The stories chronicle the life of Irish mafia son Danny and father/mafia boss Jimmy Dougan – the devil himself.
Gripping the red crayon in his left hand, he focused on the curves of the heart shape. Switching colors to fill the inside of the red heart, he chose white. He thought of angels when coloring with white. He envisioned an angel with giant wings and an almost blinding light surrounding her. He focused on staying within the lines of the heart as his dad had instructed.
When his father leaned over his shoulder, he could smell heavy cologne and cigarettes. “Know your limitations, Danny,” Jimmy told him. “Limeetashons…what does that mean?” asked, the puzzled, seven-year-old Danny. Jimmy, throwing his hands up, repeated impatiently: “Limitations. It’s what you can’t do. Stay within the lines, Danny!”
Sitting at the small card table set up in corner of the back room of Dougan’s Pub, Danny went about making the mother’s day card for his mom – Viv. He was oblivious to the revolving door of mafia business that transpired just feet away. Unmarked bags of blood money were dropped off at Jimmy’s desk and stored in an old floor safe. His father termed it a “drop in the hole.” Keeping both a fake and real business ledger, Danny often saw his father meticulously pouring over the cooked books.
However, Jimmy didn’t like Danny hanging around the family business too much – especially when he was a young boy. When Viv came to pick him up from her weekly beauty appointment, Danny fussed, “Why can’t I stay, mom? My friend at school goes to his dad’s TV store every day?” In her skin-tight fiery blue pencil skirt and red high heels, she gently held Danny’s shoulders. “Your father has a different type of business, Danny Boy. It can get, well, ugly here,” she said plainly.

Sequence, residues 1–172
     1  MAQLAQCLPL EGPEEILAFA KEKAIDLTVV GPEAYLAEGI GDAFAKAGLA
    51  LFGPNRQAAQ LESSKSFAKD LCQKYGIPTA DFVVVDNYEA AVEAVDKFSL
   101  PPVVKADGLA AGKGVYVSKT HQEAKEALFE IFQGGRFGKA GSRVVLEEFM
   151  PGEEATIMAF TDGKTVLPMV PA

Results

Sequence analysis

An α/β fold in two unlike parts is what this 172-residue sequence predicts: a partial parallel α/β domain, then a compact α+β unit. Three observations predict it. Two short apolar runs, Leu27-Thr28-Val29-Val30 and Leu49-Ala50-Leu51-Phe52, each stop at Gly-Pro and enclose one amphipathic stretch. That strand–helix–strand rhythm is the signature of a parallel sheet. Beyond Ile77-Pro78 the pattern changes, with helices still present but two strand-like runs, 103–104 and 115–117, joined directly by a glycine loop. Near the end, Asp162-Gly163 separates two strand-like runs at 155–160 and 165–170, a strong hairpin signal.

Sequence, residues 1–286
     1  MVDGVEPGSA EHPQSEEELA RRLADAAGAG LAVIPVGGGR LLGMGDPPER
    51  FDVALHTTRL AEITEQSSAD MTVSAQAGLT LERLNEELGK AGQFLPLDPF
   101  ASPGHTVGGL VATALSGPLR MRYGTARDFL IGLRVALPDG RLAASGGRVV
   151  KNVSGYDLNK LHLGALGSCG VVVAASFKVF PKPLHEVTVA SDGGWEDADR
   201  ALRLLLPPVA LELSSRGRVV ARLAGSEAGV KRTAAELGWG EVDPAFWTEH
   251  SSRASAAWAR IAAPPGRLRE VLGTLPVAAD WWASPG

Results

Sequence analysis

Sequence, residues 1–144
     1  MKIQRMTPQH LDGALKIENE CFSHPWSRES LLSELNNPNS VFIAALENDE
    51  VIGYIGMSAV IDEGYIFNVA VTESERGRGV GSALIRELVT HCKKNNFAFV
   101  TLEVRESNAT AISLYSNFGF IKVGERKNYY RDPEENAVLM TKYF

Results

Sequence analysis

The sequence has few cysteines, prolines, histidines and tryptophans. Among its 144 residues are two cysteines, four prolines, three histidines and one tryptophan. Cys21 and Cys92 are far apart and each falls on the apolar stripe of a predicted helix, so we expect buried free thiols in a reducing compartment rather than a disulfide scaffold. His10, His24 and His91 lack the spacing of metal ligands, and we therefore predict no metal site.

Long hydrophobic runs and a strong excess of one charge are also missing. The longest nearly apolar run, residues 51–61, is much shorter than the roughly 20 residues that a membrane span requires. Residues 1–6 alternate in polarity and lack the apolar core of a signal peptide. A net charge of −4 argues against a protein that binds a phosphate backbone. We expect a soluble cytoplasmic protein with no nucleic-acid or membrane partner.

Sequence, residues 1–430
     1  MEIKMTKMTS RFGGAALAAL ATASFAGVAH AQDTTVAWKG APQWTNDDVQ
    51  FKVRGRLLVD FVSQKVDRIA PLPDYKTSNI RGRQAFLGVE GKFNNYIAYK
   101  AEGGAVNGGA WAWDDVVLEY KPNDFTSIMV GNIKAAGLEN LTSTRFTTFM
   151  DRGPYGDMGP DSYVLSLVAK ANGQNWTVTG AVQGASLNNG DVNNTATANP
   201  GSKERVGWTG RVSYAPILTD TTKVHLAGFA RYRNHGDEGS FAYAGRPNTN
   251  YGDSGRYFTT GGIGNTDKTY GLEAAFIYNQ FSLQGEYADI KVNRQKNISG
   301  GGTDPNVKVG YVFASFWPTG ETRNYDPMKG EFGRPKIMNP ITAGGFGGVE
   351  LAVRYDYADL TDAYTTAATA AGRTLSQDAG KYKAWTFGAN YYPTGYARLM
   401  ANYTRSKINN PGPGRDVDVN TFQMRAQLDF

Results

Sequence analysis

Looking perplexed, Danny glanced at his dad who was on the phone. Strolling to the car with his mom in the back parking lot, he had forgotten the Mother’s Day card. Letting go of her hand, he rushed towards the back room of the pub. He could hear a woman giggling, and slowed his footsteps in the hallway. Peeking his head around the corner, he could see a strange woman sitting on his dad’s lap with wiry blond hair. His dad began to kiss her neck.
“Oh, Jimmy! Does big Jimmy want to come out and play?” she said, in a squeaky, high-pitched voice.
Danny popped his head back into the dimly lit hallway. The moaning calls of his father and the woman echoed in the hallway. His heart racing, he knew there was no retrieving the hand-made card for his mother.